The Chital Deer – A Common Resident in Bangladesh

Also called the ‘spotted deer’ and ‘axis deer’, the Chital Deer is a beautiful and commonly seen deer in woodlands across India, Bangladesh and Sri Lanka. In fact this beautiful little deer is one of the most common species of deer in the forests of India.

Even those who are not from India and Bangladesh will recognize the Chital deer as it is one of the most commonly spotted deer, which means that many have seen it in nature documentaries and other television programs, books and travel brochures. Its most distinctive feature is the small white spots which cover its body and back, providing extra camouflage in the dappled lighting of the forests. The coat of the Chital deer is a fawn color with a reddish tint along the sides of the animal and a darker stripe running down its back. The white stippling may be focused mainly on the torso or it may continue up the back of the animal’s neck with each animal having a different and unique pattern. The Chital deer’s under parts are white and the coloring on the lower part of its legs may merge into a cream before terminating in the hoof. Chital deer from different geographic regions may vary in patterning, color range and size.

The average stag of the Chital deer species reaches about 86 cm at the shoulder while the hinds are smaller and more slender. Every year the stags grow an impressive set of antlers which may reach a length of 75 cm. These curve outwards and upwards and feature three distinct prongs. A male with hard antlers will be dominant over one with velvet antlers.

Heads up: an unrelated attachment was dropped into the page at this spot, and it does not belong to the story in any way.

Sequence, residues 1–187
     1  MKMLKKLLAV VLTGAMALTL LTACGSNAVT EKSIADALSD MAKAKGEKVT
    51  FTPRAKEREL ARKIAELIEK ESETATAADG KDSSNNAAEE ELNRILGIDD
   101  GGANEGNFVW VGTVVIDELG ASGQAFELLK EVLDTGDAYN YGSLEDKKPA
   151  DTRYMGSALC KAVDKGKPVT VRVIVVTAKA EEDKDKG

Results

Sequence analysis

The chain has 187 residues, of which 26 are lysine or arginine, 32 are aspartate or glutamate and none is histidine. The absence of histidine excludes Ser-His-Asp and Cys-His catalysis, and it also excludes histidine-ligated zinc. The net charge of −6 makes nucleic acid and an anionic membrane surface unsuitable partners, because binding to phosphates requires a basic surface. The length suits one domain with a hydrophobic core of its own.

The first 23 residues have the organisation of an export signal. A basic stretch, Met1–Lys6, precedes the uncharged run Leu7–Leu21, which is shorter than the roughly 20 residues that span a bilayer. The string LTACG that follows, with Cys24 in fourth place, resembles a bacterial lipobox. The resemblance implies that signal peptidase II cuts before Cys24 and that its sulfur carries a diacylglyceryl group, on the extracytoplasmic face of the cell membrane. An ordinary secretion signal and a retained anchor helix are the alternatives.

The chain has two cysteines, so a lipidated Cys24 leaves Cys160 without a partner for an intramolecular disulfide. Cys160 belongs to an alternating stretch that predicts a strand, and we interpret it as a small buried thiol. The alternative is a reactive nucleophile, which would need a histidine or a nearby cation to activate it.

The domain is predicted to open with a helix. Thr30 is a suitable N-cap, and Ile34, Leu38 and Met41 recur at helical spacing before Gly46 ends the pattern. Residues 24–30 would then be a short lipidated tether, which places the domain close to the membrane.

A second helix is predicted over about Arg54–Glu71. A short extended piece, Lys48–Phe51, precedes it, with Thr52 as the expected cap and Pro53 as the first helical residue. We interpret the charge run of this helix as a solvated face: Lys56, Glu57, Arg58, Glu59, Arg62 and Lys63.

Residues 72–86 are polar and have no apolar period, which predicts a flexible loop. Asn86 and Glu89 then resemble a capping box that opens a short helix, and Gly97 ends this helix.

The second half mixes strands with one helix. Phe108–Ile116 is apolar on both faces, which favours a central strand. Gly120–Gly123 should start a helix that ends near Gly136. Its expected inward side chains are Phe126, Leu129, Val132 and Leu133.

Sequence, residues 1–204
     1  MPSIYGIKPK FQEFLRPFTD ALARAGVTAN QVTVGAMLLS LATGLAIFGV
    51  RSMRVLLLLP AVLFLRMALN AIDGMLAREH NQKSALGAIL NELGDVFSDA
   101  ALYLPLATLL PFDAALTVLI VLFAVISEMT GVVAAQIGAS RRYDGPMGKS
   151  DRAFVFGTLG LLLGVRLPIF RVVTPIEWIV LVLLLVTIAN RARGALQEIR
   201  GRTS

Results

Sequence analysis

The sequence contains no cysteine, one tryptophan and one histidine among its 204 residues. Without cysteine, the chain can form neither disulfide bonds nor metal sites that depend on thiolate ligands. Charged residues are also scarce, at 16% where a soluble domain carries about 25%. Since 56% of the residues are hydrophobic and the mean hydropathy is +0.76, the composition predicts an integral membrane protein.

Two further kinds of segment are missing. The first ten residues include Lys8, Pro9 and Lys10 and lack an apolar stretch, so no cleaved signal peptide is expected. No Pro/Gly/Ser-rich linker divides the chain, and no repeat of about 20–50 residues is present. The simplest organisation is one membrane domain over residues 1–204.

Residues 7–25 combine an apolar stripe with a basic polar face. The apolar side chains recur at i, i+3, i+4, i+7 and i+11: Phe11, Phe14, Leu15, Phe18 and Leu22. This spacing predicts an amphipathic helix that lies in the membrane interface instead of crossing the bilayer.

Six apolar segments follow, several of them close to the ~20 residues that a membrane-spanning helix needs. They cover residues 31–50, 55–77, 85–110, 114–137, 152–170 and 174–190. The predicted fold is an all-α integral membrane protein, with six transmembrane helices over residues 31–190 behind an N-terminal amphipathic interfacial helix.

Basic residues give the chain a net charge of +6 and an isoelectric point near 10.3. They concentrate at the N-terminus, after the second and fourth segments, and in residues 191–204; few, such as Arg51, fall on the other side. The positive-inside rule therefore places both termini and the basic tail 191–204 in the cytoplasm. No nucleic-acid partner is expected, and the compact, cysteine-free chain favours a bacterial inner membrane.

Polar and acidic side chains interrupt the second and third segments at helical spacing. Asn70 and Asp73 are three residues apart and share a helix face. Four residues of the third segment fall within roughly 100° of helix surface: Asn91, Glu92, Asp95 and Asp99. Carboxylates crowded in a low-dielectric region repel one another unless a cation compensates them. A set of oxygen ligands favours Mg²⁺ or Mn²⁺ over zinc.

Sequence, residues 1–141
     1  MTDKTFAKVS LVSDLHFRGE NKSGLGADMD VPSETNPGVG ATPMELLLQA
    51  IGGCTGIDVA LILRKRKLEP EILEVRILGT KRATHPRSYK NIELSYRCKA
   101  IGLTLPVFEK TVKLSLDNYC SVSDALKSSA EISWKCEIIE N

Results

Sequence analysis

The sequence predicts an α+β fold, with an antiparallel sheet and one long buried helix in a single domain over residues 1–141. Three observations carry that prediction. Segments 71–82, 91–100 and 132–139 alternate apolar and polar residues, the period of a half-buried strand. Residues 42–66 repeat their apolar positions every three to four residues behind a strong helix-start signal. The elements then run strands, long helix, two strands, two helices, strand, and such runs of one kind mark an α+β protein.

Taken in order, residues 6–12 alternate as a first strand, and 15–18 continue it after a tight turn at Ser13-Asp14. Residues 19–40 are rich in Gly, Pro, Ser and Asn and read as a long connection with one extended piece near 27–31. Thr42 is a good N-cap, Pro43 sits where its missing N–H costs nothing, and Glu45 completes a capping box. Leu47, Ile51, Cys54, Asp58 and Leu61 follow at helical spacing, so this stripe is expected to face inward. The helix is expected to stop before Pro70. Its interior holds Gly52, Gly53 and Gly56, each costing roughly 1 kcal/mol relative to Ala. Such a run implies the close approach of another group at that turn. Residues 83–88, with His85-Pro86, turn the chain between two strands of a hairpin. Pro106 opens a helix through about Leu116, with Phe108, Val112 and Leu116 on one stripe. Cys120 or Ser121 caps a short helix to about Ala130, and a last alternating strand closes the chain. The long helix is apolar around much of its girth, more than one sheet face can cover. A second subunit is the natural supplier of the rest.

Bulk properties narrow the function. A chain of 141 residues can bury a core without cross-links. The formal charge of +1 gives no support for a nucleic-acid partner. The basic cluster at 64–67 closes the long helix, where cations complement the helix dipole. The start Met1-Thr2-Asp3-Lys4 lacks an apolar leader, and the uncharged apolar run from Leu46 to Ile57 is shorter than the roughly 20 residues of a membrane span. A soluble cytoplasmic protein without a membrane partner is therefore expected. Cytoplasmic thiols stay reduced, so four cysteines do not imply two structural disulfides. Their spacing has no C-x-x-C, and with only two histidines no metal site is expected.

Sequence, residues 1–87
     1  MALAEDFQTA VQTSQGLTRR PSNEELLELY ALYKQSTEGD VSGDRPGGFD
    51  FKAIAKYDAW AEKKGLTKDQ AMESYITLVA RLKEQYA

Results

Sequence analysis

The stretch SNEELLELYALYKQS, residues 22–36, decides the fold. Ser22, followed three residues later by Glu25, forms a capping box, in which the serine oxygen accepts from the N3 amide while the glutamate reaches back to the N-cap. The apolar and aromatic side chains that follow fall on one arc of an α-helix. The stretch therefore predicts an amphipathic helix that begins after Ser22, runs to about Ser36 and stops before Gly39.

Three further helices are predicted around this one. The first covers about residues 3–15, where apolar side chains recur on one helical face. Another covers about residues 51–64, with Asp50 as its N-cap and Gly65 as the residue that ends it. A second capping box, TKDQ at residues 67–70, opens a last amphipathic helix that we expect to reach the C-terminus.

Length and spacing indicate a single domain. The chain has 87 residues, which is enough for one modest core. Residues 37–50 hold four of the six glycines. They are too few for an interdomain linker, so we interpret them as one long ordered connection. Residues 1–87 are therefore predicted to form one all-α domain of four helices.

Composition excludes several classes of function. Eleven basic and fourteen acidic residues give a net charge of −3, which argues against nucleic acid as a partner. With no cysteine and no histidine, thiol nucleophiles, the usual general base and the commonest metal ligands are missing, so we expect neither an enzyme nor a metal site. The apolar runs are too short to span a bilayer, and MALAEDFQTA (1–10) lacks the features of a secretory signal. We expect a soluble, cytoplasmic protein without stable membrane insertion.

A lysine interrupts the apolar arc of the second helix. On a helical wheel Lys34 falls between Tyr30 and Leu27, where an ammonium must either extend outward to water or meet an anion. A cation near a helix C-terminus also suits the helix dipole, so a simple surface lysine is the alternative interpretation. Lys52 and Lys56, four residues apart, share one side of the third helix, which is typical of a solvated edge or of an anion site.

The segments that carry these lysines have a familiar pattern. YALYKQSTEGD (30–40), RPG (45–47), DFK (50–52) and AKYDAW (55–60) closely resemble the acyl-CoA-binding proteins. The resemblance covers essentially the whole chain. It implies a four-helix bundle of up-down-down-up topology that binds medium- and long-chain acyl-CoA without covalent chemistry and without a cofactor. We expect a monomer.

It is interesting to note that antler growth does not correspond to the mating season since in their natural environment the climate makes breeding somewhat difficult. Once mated, the female will take 234 days to carry her young to term. Usually Chitals can be found in herds with as many as fifty individuals. These usually have only two males as well many females and their offspring. They have also been introduced to other countries for hunting purposes but are not quite as beautiful as when in their natural habitat. So why not come and observe these delightful creatures in their natural environment in Bangladesh? You will no doubt find them to be very interesting and attractive.